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Americans least able to afford health care are the heaviest smokers
NASHVILLE, Tenn. — Almost one-third of Americans who have not had enough money to pay for health care and/or medicine in the past 12 months are smokers, according to the October 2011 Gallup-Healthways Well-Being Index. The percentage of smokers is cut in half (14.2%) when it comes to the population that can afford to pay for health care and/or medicine in the past 12 months. Of the Americans without a personal doctor, 27.5% smoke.
“As the economic burden of smoking continues to greatly affect the U.S. healthcare system and the productivity of our businesses and communities, more employers are turning to mandates and incentives to get their employees to curb their nicotine addiction,” stated Ben Leedle, Jr., Healthways president and CEO. “The October WBI smoking and basic access numbers reveal an alarming disparity in the U.S. population, and show an immediate need for individuals to take steps to improve their own well-being, proactively controlling these costs."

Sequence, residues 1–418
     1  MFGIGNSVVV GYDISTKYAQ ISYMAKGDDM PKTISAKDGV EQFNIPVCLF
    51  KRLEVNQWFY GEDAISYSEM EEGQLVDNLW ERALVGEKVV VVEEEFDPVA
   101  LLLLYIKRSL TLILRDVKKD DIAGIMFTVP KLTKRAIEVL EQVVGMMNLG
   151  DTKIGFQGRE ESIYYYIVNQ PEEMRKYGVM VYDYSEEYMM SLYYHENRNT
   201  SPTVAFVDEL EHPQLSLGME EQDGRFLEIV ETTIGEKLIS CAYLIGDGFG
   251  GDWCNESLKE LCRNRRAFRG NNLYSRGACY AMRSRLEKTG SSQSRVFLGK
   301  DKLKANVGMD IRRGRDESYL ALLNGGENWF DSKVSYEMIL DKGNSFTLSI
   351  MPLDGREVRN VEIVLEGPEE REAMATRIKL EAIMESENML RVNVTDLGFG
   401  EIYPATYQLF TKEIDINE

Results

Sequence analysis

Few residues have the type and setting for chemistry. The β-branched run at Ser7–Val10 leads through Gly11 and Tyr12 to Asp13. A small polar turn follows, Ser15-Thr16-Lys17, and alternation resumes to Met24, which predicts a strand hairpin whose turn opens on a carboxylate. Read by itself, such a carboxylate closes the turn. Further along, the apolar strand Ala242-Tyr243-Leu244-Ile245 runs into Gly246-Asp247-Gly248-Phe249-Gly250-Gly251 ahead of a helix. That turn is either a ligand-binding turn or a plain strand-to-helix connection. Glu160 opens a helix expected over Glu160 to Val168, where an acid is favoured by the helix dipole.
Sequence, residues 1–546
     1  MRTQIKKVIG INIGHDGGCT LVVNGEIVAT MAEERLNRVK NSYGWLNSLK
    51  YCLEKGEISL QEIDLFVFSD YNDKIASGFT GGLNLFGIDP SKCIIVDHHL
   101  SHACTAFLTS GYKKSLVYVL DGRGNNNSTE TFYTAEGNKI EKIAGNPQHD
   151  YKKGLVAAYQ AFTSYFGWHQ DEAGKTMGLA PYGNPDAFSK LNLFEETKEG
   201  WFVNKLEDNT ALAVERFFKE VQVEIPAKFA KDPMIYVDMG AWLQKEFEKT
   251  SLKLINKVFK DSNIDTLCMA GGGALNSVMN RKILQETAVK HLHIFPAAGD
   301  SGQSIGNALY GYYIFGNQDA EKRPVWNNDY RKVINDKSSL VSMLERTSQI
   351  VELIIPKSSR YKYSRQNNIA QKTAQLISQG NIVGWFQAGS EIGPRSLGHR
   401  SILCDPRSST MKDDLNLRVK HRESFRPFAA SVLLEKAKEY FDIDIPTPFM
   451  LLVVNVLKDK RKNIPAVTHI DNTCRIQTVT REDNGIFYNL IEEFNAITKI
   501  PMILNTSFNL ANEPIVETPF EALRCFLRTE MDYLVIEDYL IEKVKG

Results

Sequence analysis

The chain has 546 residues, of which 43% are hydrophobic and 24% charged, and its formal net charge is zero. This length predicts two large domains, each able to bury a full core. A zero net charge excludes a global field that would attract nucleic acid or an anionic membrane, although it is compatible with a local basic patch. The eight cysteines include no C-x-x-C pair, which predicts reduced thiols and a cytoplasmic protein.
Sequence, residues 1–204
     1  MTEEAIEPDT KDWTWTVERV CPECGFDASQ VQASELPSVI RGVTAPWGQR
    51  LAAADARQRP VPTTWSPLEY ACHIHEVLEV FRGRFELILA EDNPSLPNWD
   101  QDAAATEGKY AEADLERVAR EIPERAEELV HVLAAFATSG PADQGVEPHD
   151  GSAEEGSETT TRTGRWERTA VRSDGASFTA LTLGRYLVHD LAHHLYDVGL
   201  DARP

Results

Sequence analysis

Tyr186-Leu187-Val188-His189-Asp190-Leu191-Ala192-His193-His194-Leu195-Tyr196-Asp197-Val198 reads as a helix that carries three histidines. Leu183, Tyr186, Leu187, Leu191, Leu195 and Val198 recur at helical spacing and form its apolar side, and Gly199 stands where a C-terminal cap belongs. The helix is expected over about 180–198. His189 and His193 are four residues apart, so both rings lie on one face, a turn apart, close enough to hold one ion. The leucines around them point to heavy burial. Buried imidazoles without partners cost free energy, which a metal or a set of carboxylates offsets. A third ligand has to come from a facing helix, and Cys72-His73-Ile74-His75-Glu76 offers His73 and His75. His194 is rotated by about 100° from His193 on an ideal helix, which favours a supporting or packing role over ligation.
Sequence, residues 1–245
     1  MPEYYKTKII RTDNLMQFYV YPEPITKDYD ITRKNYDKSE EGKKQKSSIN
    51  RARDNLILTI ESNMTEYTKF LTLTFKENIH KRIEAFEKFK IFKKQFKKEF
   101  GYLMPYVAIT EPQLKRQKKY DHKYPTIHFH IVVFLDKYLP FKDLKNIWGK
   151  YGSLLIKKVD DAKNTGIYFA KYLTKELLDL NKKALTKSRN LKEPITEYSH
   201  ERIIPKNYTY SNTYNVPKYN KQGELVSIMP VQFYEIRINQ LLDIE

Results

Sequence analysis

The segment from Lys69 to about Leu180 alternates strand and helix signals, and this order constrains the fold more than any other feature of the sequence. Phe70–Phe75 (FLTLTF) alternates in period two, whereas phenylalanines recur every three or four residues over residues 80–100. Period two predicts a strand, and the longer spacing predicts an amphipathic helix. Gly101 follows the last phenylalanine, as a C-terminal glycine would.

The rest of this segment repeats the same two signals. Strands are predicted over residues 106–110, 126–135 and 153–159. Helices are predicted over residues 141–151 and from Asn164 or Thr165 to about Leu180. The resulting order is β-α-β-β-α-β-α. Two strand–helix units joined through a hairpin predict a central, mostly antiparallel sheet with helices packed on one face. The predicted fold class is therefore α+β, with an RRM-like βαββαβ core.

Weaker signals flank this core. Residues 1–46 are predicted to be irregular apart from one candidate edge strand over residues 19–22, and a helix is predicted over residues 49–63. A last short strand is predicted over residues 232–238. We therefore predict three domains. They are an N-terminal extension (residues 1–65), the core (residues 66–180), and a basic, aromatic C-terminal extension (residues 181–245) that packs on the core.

October data also revealed that of the 20% of Americans that did not have enough money to buy food within the past 12 months, 34.9% are smokers. The percentage of Americans who smoke drops drastically down to 13.8% for those who can afford to buy food. The same pattern is observed when looking at those who did/did not have enough money to provide adequate shelter in the past 12 months.
Certain people are always going to smoke as long as cigarettes are legal tobacco products, and the numbers might even be higher since some won't admit to smoking even ananymously. Electronic cigarettes are more popular and accepted, so see www.ecigwerks.blogspot.com for more.
Factor Nutrition presents study on supplement supporting memory
BOSTON — Factor Nutrition Labs on Monday presented a study supporting supplementation with its FocusFactor product to improve brain function before the Gerontological Society of America.
The clinical study of 89 adults used the Rey Auditory Verbal Learning Test, a standardized neuropsychological test and one of the most commonly used tests of memory in psychopharmacology research, the company stated. The study also used CogScreen, a computer-administered neuropsychological test battery developed for the Federal Aviation Administration for evaluating the cognitive functioning of pilots.
The mean age of subjects who participated was 49.1 years. The study was conducted over a six-week period. The clinical study of FocusFactor was sponsored by Factor Nutrition and was conducted by Cognitive Research, a full-service contract research organization.
“The clinical study demonstrated that, compared to placebo, FcousFactor improved abilities referred to as memory, concentration and focus in healthy adults,” Cognitive Research president Gary Kay said. “Following six weeks of treatment, subjects who received FocusFactor had a mean increase in recall of 6.5 words compared to 4.5 words for those who received placebo.”